Thus, Joy surprises us. It shows up in unexpected places. It goes against the tide. We often think that being pessimistic is realistic. It is joy which gives a realistic vision of life. When I speak of joy, here it is not the false optimism that things are going to get better in the near future or that you would find an answer to your predicament. Rather, this joy is one which springs from faith and hope – it is based on our hope and belief that God has not abandoned us even when we do not see him in the midst of our troubles.

St. Paul says, "Rejoice always!" It's not a suggestion, like "cheer up, " or "look on the sunny side." It is, rather, a command, "Rejoice." Not only when things are going well. Not just when I am getting my way - but always. "Rejoice always." St. Paul can command joy because joy requires a conscious choice. Thus, joy is not just the consequence of your surrounding circumstances – when thing are going well for you. Rather, joy is always a deliberate choice. You can choose to be joyful even when things don’t seem to be going according plan.

So, what’s the formula for this joy? Do we need to whistle a tune or sing Bobby Mcferrin’s ‘Don’t worry be happy’? Do we need to escape into an imaginary world so that we can consider all pain and suffering as illusory? St Paul in today’s second reading gives us the answer: to pray without ceasing, to give thanks on all occasions and to avoid sin and evil.

Joy comes to those who pray without ceasing, to those who are committed to pray not only in moments of joy but also in times of sorrow, who are able to pray in the midst of troubles, confusion and the even during the dark night of the soul, where our prayers seem unanswered. Prayer is giving voice to our hope. It is a hope that does not disappoint because it is based on our firm belief that God has not and will not abandon us. Therefore, Christian hope has nothing to do with the false optimism or wishful thinking that our sickness will be healed, the problem will be solved, the obstacle would be removed, and the pain would be relieved. All these things may continue to accompany and harangue us, and yet we believe that they do not mark an end to life and joy. We will be delivered in one way or another. God has promised something far greater than the momentary relief we seek in this present life. God has promised us eternal life. This is our confident expectation.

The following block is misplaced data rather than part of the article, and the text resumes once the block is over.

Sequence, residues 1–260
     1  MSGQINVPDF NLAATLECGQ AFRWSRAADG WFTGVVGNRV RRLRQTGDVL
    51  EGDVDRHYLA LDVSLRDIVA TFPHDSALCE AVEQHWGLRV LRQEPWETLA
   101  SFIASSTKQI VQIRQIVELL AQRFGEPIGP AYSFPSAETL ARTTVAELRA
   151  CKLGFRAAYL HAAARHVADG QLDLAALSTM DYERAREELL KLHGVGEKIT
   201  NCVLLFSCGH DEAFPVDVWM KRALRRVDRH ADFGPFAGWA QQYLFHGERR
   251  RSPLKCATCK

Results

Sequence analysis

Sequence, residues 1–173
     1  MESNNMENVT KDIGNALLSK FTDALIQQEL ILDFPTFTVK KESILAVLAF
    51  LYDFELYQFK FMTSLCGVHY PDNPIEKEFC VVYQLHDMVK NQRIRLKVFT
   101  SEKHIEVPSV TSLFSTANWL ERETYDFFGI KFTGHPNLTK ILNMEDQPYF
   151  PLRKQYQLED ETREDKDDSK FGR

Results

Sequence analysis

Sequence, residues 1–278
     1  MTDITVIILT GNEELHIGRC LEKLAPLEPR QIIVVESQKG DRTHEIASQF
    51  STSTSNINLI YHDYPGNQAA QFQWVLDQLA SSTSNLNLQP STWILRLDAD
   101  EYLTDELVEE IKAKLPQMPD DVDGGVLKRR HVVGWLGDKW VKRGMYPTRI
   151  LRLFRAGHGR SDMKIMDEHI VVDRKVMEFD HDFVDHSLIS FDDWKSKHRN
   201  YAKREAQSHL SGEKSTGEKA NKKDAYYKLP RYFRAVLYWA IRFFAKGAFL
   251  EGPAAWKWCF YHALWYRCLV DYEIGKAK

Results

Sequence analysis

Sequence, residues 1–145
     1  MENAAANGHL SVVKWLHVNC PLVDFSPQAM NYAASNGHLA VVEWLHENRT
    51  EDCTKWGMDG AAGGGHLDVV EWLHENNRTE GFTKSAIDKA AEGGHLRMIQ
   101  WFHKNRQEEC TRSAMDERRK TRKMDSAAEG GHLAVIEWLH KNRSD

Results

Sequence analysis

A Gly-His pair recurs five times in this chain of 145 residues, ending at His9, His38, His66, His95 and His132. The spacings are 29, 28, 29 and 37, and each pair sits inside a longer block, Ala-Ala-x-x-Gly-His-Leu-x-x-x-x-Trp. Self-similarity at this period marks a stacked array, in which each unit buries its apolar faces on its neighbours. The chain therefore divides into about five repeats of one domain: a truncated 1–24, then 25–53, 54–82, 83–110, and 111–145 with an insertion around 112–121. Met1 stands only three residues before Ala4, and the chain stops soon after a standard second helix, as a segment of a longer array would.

How do we know that our hope will not be in vain? It is through the virtue of gratitude. Gratitude is remembering how God has delivered us from past evils, how God has intervened in a situation that seemed hopeless, how God has sustained us to endure the greatest of trials and how God remains faithful to his promises. Hope is firmly anchored in the history and narrative of Scriptures. Gratitude brings to mind the memory of God’s faithfulness which pierces the misty veil created by our present difficulties.

Finally, joy comes to those who persevere in their pursuit of holiness, who choose to avoid sin and evil in their daily lives. Mankind constantly searches for the sociological, economic, political or even philosophical reason and cause for suffering. What man often forgets is that suffering has its roots in a theological cause – it is sin and evil that brought suffering into this world. No amount of motivational programming, counseling, socio-economic-political reform will be able to rid this world of suffering unless man is prepared to address the issue of sin and evil.

Rejoice and be glad, the good news is that God has not abandoned us. He is here present among us. There is joy in knowing that God waits for us although we may have forgotten him. God waits for us although we may have stopped waiting for him. He keeps a lantern lit in the window, so that we who are lost would find our way home. This is true joy – knowing that no matter what happens in life, no matter how bad the situation may become, God’s love for us will endure and will triumph at the end.